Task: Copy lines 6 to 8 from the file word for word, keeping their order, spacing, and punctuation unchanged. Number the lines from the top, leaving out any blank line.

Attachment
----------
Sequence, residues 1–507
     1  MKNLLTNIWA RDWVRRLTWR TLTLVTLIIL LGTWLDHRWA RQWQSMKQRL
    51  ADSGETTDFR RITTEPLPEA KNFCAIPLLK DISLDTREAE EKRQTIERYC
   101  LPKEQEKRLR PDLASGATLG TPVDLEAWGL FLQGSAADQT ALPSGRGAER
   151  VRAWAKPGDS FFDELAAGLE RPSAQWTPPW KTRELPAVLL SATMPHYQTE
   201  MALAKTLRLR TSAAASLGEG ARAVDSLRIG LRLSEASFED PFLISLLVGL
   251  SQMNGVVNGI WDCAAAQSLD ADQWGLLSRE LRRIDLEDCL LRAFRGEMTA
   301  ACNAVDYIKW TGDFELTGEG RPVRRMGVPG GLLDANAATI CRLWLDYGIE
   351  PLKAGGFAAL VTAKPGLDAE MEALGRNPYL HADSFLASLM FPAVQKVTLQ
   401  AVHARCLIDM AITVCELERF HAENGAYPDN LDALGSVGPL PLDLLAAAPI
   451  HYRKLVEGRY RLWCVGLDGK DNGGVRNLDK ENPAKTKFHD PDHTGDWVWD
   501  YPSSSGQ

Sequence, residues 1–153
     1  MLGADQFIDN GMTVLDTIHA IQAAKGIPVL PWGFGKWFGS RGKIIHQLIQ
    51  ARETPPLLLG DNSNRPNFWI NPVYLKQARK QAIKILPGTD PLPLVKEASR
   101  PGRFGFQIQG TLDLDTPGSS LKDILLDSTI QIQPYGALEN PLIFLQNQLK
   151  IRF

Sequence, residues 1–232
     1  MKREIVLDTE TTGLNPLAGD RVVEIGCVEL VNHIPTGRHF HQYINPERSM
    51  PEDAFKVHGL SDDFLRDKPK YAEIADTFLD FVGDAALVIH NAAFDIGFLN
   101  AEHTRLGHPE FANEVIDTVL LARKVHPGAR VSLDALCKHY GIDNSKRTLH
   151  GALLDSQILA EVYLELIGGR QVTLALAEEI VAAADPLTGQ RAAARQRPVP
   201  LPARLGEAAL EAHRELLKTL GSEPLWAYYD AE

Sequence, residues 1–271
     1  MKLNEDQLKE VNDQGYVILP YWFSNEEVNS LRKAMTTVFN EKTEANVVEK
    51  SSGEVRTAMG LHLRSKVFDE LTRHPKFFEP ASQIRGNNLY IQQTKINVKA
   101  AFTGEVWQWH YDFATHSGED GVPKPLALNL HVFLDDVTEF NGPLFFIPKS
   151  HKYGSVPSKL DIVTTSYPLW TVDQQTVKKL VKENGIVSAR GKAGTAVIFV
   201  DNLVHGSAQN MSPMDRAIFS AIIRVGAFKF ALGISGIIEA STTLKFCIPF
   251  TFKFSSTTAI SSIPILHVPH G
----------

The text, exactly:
   201  MALAKTLRLR TSAAASLGEG ARAVDSLRIG LRLSEASFED PFLISLLVGL
   251  SQMNGVVNGI WDCAAAQSLD ADQWGLLSRE LRRIDLEDCL LRAFRGEMTA
   301  ACNAVDYIKW TGDFELTGEG RPVRRMGVPG GLLDANAATI CRLWLDYGIE